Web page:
The Indian media has expressed shock and dismay over the revelations that the IAF will lose its superiority to the PAF within the next one to two years. The crisis hit Indian Armed Forces, rocked by various scams, corruption allegations and infighting, seems to have overlooked the procurement of much needed fighter aircraft, which is needed to guard its skies. At present, the IAF is operating 34 fighter jet squadrons, as compared to the 26 operated by the PAF. However, the IAF needs to operate 39.5 squadrons to maintain its superiority over the PAF, due to a wide variety of issues like geographical disadvantage. The squadron strength of the IAF will drop to just 31 during the country’s 12th five year plan (2012-2017).
The IAF also plans to phase out around 125 Mikoyan-Gurevich MiG-21 fighter jets during 2014-2017.
It plans to replace them with the HAL Tejas, whose induction is likely to get delayed. On the other hand, the PAF is moving forward with a number of high profile aircraft deals. Pakistan recently received 14 General Dynamics F-16 Fighting Falcon (Block-52) aircraft from the US.
It is likely to acquire 14 more within a short time. PAF is also actively pursuing aircraft dealings with Chinese aerospace companies. It has finalized a deal to purchase 36 Chengdu J-10 multirole fighter aircraft, from the Chinese aircraft manufacturer Chengdu Aircraft Industry Corporation.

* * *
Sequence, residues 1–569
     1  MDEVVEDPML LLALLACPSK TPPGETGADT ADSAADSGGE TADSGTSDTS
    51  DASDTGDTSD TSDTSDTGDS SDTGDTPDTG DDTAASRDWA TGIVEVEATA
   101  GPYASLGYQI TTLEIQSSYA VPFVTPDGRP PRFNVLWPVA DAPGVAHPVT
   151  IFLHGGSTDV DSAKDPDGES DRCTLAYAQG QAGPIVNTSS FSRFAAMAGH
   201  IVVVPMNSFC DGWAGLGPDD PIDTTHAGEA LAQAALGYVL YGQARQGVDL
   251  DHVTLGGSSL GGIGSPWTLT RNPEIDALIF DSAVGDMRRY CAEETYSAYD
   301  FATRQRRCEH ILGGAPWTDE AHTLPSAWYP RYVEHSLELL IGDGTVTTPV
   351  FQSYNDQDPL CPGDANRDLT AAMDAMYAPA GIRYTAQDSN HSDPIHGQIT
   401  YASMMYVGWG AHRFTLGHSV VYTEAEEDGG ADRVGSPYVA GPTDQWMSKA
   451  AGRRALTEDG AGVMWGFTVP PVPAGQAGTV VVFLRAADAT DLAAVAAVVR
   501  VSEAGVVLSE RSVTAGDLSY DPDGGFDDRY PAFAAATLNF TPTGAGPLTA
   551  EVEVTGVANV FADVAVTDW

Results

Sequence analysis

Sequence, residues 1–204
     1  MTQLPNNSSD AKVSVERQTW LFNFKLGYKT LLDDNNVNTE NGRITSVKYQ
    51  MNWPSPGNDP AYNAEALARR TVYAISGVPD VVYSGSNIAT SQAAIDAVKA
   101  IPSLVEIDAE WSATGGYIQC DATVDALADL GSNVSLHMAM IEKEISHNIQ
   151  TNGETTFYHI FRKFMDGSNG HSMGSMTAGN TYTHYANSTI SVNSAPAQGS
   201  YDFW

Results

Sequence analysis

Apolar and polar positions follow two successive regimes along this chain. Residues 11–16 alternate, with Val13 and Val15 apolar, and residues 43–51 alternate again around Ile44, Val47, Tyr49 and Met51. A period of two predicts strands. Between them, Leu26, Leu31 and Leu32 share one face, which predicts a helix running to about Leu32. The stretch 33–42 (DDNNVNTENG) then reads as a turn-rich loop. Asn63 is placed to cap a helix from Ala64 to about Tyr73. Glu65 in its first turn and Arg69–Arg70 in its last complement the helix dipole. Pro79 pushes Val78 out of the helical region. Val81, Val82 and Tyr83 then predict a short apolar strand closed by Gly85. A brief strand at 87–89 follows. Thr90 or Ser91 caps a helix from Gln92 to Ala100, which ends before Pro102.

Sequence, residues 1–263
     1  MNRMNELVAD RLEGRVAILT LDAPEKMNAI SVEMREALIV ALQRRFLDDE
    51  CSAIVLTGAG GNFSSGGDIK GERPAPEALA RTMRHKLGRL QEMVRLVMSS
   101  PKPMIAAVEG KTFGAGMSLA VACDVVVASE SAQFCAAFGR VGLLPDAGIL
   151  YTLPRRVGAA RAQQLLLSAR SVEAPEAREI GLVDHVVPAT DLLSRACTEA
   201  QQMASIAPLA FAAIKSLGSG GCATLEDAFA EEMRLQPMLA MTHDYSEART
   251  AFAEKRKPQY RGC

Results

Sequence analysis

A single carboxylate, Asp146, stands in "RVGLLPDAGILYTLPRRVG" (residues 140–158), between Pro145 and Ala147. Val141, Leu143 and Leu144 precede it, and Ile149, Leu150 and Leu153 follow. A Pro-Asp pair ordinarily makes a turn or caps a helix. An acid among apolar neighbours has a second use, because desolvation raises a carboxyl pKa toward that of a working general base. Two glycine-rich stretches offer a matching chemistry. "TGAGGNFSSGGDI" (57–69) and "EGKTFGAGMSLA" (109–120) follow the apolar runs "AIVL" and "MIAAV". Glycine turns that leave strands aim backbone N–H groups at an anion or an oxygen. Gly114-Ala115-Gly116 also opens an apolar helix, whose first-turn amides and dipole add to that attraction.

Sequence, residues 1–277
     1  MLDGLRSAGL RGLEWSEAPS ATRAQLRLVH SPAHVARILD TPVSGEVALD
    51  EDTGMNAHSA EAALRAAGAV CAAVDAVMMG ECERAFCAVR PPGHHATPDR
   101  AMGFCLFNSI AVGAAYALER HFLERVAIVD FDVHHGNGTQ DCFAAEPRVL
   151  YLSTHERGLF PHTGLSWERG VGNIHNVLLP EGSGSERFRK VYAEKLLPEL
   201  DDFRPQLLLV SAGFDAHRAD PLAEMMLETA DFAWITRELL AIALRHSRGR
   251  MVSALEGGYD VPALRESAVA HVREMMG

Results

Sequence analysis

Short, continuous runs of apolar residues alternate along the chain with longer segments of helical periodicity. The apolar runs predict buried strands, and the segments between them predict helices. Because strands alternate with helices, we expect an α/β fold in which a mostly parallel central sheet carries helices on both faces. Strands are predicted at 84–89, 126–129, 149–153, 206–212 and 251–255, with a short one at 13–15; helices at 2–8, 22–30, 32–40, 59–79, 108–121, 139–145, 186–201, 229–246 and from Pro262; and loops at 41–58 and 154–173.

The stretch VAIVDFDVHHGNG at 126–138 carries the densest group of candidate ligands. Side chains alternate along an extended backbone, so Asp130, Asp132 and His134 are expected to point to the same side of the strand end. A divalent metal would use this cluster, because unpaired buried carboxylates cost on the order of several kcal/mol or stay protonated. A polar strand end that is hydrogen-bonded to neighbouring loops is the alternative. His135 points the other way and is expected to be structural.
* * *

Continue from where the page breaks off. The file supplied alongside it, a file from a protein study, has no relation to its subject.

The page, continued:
PAF is likely to induct these aircrafts in 2014. Sources within the PAF claim that as many as 150 of these fighter jets will be purchased from China in the long run. Recently India had finalized a defence deal with the French aerospace manufacturer
Dassault Aviation for the delivery of 126 Dassault Rafale Medium Multi-Role Combat Aircraft. But the deal has come under increasing scrutiny after allegations of kickbacks being given to Indian defence officials. Even if the deal goes forward, the delivery of the fighter jet is expected
to take a long time. Earlier the Dassault Rafale was rejected by nations such as Singapore, South Korea, Morocco and Switzerland, citing lack of advanced technology and cost.